San Francisco Startup Company, Onewheel, Creates Hybrid Hoverboard

July 26, 2015

Anyone who has ever seen Back to the Future 2 has probably dreamed of owning a hoverboard. Thankfully, an exciting new device from Onewheel may be one step closer to making that dream a reality.

Ok. So it’s technically not a hoverboard.

But it is an exciting new improvement over traditional skateboards and similar devices. Onewheel is basically a motor-powered skateboard that has one wheel instead of four.

Designed by a San Francisco start up, Onewheel allows riders to feel like they’re riding on air, while removing the need to push or pedal.

To use Onewheel, the rider places one foot on the rear of the board, and the other foot on the front. Both sides of the board contain pressure sensing pads, engaging the battery-powered motor inside the wheel. Electronic sensors, meanwhile, help the rider stay balanced.

Leaning forward zooms the rider forward, while leaning back slows the rider down, eventually putting the board in reverse. In some ways, the handling is similar to a Segway. Together, the design gives the rider a unique “hoverboard-like” feel.


As for speed, the board tops out at a respectable 12-14 mph. It is pretty versatile, too. Unlike most skateboards, the Onehweel handles well over dirt, grass, and puddles. It also turns on a dime.

While its battery only lasts 4-6 miles (a little less than an hour for most riders), it’s battery recharges in only 20 minutes. A cable and spare battery help make it easy to recharge on the go.

Like many startups, Onewheel started as a project on Kickstarter. The Kickstarter campaign quickly took off, cruising past its $100,000 goal, and eventually raising over $630,000. Today, Onewheel is working on shipping its Kickstarter pre-orders while accepting new order online.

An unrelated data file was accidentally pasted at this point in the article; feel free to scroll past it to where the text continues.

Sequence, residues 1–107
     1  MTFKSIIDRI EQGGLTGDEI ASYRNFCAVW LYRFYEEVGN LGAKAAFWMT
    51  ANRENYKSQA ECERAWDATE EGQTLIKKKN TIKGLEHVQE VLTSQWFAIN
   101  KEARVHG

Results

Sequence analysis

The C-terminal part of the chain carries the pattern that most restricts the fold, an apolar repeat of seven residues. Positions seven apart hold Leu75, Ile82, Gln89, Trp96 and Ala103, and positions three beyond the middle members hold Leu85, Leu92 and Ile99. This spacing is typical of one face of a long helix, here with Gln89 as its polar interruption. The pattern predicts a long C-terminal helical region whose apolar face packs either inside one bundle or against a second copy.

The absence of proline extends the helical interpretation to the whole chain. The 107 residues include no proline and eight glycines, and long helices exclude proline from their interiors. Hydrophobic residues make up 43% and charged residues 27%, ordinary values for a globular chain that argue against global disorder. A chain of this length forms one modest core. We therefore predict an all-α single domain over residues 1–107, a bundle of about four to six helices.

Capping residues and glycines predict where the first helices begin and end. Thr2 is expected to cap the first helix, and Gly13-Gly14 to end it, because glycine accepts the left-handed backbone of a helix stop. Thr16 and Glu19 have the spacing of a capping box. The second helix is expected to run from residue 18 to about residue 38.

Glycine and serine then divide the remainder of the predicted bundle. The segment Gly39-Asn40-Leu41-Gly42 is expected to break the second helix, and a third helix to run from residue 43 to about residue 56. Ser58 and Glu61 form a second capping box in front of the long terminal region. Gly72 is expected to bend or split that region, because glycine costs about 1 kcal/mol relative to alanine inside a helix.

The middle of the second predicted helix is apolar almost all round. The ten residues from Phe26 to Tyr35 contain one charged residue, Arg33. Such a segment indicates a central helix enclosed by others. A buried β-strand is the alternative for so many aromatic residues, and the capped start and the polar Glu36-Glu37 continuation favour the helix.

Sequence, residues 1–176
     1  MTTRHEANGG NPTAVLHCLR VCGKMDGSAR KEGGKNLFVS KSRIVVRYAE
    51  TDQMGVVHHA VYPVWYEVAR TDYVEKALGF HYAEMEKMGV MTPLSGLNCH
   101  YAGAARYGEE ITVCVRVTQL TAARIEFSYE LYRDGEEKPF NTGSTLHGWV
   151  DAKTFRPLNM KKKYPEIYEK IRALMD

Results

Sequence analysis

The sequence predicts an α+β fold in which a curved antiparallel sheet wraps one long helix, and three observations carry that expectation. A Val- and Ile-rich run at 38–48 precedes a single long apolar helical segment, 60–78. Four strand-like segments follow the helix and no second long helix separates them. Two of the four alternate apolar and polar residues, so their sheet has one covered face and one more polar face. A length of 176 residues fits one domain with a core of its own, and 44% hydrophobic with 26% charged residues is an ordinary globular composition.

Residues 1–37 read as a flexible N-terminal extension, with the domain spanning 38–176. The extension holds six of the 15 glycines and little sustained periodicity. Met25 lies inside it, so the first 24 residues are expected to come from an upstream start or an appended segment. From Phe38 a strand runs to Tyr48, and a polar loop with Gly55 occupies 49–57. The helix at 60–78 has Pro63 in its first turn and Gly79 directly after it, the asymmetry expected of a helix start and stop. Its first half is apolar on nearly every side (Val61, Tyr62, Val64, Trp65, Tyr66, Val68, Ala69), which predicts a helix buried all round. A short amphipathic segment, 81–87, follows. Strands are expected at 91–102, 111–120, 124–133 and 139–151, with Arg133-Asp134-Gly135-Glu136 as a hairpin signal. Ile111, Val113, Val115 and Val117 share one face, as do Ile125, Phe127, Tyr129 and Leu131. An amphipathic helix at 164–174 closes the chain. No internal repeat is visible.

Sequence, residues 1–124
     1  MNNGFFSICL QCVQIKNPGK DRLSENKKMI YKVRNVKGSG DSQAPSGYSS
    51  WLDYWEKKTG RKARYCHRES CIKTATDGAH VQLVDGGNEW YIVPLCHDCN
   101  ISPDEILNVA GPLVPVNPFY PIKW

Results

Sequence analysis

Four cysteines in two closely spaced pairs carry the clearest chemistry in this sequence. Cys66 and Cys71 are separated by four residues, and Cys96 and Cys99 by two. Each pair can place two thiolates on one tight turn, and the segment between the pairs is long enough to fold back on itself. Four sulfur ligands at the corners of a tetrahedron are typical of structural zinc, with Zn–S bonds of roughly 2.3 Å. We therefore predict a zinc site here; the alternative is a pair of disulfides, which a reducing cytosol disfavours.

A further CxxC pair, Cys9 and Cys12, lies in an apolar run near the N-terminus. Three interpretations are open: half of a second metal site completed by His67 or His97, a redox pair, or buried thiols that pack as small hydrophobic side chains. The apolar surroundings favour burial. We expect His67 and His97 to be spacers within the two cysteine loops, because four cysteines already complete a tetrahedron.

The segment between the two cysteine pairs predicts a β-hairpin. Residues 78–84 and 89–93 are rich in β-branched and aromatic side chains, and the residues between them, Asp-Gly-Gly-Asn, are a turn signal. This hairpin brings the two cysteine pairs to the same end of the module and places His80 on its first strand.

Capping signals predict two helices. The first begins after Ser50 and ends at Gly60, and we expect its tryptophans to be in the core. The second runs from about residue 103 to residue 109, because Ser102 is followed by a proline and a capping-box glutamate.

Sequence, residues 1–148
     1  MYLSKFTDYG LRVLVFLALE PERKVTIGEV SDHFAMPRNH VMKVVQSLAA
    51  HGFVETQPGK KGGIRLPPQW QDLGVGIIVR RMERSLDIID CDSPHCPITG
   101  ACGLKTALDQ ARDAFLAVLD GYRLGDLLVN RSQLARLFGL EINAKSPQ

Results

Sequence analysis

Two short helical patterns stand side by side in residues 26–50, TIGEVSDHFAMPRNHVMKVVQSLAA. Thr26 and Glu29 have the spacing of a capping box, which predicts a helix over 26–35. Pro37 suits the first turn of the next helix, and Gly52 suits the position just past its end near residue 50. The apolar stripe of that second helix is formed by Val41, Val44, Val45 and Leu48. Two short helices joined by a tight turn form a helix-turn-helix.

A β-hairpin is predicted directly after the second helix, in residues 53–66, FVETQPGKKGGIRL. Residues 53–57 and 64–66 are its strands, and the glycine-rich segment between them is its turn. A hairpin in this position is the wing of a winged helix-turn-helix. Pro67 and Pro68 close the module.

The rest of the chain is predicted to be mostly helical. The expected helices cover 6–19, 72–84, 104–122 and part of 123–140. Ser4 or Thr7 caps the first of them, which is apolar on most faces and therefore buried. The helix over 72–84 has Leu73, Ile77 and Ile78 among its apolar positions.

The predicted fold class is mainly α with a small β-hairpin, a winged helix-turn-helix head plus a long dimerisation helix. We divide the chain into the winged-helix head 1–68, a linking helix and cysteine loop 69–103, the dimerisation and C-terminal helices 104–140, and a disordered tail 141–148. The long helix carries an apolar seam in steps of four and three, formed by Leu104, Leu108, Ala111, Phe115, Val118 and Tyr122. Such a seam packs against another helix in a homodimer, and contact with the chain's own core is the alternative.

Although exciting, the initial price tag of $1,499, is probably too expensive to attract casual consumers just looking for a novel experience. Onewheel will probably have to lower its price point in order to attract more customers.

It will also have to find a way to beat out its competitors.

@caseyneistat is having no fun💩 • • • #WeGotBemeCodes #NBD #ThinkForward #RideTheWave #Onewheel

A photo posted by Onewheel (@rideonewheel) on

Several startups have also been working on similar one wheel “ridables” designed to give riders a fast, fun, motor-powered transportation alternative.

Solowheel, for example, bills itself as an “electric stand-up unicycle,” and has riders stand on pedals on either side of a large, electric wheel positioned between the rider’s legs. The Solowheel, made by a Washington startup, also retails for about $1500. Another company, Airwheel, makes an almost identical product.


A video posted by solowheel (@solowheel) on

PhunkeeDuck is similarly priced. This two-wheeled “evolution of transportation” looks like a log with footpads. Apparently popular with some celebrities, it too uses an electronic motor and sensors to propel riders and keep them balanced.

And then there are still other competitors, like ZBoard. Zboard looks more like a traditional skateboard; its main difference is a motor. Unlike other motorized skateboards, however, ZBoard’s top model is relatively lightweight and boasts an impressive 20 mph top speed and 24 mile range. Zboard comes from a Hermosa, CA based startup that was also launched on Kickstarter.

Perfect sunny Friday to bust out the Woody Special! #zboard

A photo posted by zboard (@zboard) on

ZBoard’s main competitor Boosted Boards, allows users to reach and control speeds of up to 22 mph through a wireless remote. With models starting at $999, the Boosted Boards’ electric skateboard is the least expensive of the bunch.


Together, there’s a burgeoning group of startups working to revolutionize personal transportation.

ALSO SEE: First-Ever Hoverbike, Aero-X, To Be Released in 2017 

While all of their products are currently very expensive, they are also very exciting. If prices drop in the future, look for one of these startups to blow up as the leader of the “next big thing”—that is, at least until there are actual hoverboards.


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